But, I had beta that said to go to the saddle, so that’s what I did.  I followed the trail for about 2 miles, and then made my way to the saddle. There’s a trail the entire way.

When I got there, I turned to go east up the ridge, but noticed it was all class 3 and above.  This seemed silly to me, because there was clearly tundra below.

So I backtracked and took the tundra route to the ridge.  This was a fabulous idea, easy going, and I didn’t need a helmet.

This is what I was trying to avoid, which looks ok from this side, but more spicy from above.  Just take the tundra route.

It was here, around 5:30am, when I saw my first helicopter flyover for the day.  It got dangerously close to the mountains, and I was worried someone needed SAR.  All kinds of scenarios went though my head. I knew CFI was doing work in the area, but the post I’d seen a few days ago said they weren’t starting until next weekend (I found out later they posted again with the proper dates last night, but I was already at the trailhead, so I didn’t know this).  I was worried someone needed help, and the helicopter couldn’t find them.  I spend a lot of time looking for someone myself as I hiked.  

Helicopter:

The helicopter came back around about 20 minutes later, and took a different path.  Once again, I was worried they were searching for someone.  Then about 20 minutes after that I saw the helicopter carrying wooden ties, and knew it must be CFI doing trail maintenance.  THANK YOU CFI!

Once on the tundra, before gaining the ridge, I came across some mountain goats lounging, watching the sunrise.  I stood there and watched it with them.

Then I continued on towards the ridge

After making it to the ridge, I followed it northeast to the summit.  This was a simple ridge walk on tundra.

I summited Kelso Mountain at 6:30am

Kelso Mountain:

At the summit cairn there was a journal that was recently placed there.  I know some people get worked up about this type of thing, but it’s there for a good cause, and it will be taken back down.  Needless to say, I text the man battling cancer a good morning, and sent him pictures of the goats.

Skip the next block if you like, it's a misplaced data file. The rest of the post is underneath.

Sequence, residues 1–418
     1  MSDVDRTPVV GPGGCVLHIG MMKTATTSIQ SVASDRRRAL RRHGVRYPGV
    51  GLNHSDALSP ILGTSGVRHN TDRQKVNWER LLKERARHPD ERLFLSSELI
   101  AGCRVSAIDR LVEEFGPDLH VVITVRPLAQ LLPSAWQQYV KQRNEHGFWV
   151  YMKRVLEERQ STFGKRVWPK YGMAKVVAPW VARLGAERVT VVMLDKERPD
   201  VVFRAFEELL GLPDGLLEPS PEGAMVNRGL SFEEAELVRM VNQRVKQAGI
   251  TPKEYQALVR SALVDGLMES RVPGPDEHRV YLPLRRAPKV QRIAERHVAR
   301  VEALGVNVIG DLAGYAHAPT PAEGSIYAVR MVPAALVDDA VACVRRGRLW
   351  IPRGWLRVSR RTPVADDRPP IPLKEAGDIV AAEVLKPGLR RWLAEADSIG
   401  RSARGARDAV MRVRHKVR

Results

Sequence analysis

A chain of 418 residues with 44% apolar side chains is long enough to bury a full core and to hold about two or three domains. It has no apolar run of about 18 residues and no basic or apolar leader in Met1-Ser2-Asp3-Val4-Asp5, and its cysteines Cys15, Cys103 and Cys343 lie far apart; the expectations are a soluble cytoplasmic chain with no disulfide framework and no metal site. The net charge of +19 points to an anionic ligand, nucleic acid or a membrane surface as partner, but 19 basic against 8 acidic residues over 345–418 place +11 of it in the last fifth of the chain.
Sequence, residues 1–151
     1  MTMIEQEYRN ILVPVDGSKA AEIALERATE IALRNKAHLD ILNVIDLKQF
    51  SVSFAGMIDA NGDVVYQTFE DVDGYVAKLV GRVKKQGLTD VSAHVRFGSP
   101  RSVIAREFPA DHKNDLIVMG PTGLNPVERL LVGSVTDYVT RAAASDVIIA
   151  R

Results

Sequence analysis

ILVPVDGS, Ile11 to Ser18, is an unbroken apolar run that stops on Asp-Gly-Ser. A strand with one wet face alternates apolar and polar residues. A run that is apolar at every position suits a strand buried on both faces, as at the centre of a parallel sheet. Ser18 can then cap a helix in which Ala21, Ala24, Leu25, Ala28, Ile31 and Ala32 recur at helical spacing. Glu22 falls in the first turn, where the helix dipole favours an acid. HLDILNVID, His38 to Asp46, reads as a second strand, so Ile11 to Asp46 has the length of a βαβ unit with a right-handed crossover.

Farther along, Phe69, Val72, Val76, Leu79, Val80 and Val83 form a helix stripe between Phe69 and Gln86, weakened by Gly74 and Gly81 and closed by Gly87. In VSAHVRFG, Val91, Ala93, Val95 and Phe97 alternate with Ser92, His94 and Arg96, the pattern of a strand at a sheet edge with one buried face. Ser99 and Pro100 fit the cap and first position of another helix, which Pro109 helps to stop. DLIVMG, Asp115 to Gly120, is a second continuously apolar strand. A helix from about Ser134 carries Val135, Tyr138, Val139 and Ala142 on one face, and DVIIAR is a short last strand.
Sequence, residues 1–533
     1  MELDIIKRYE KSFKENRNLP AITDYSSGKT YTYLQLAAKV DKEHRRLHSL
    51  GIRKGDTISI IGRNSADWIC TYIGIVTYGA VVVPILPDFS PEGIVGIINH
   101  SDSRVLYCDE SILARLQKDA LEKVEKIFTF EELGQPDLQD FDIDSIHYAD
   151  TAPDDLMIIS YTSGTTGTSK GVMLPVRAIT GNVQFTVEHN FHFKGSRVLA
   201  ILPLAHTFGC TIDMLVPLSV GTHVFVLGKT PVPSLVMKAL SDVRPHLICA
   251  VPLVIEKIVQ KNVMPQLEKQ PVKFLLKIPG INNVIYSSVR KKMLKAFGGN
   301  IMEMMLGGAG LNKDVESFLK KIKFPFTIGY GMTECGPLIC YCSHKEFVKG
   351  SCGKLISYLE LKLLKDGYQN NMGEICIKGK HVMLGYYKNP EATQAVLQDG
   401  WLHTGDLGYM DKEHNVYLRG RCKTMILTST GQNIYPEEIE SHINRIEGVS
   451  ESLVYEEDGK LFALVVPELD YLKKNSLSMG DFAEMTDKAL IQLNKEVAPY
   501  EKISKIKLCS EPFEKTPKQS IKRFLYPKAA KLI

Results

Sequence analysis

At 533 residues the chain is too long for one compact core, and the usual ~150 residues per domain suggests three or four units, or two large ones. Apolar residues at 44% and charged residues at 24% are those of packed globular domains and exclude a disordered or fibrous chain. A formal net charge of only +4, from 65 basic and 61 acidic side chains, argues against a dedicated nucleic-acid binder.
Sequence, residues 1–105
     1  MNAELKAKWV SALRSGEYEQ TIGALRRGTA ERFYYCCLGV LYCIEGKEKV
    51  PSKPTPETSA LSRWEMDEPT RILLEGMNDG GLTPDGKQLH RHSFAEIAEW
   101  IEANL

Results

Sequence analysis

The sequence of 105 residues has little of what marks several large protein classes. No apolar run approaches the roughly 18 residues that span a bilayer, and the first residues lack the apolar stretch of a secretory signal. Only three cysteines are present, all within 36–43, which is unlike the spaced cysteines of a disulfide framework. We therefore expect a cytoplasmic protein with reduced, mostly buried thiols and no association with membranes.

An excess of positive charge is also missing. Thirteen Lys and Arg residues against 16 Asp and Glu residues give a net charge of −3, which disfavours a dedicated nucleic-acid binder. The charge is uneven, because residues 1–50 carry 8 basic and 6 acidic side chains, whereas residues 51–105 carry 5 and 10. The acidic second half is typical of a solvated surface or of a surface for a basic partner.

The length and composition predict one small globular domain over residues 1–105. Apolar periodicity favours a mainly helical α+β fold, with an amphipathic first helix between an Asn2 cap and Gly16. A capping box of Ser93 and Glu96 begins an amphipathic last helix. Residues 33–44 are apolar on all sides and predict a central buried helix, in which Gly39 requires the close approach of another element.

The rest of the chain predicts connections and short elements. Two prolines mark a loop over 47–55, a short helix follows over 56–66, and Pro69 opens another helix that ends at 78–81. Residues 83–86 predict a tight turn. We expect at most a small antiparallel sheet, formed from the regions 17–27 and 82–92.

Then I retraced my steps back down the ridge

I left the ridge at 11250’ to head back into the basin.  I aimed southwest, towards the obvious Grays and Torreys Trail

The goats were still lounging around, so I stopped for a bit to enjoy their presence.  They seemed unbothered by the flyovers.  I didn’t get too close, but it was neat they were so relaxed.  The views were incredible.

After a few minutes I got up again, and headed down the tundra to the trail below, noticing there were tons of people hiking like ants below.

Once back on the trail I realized it was still early, and considered Grays or Torreys or both, but I had a 10am meeting I needed cell service for, and I wasn’t 100% sure I’d have it on the mountain, so I headed back to the trailhead.

Check out the CFI helicopter picking up ties

I made it back to the trailhead at 7:30am, and the parking lot was already full.  It’s a Tuesday.

I got back to my truck at 7:30am, making this a 6.32 mile hike with 1937’ of elevation gain in 3 hours.  This would be an easy addition to Grays and Torreys.

On to my meeting!

Author: Laura M Clark

Mom, Solo Colorado 14er Finisher, Outdoor Enthusiast, Traveler, and Girl Scout Leader with an MBA in International Business and Marketing. I value adventure, growth, courage, wisdom, integrity, accountability, and family. I enjoy yoga, wine, whiskey, traveling, reading, and the outdoors. I strive to be the person who inspires and motivates myself and others to succeed.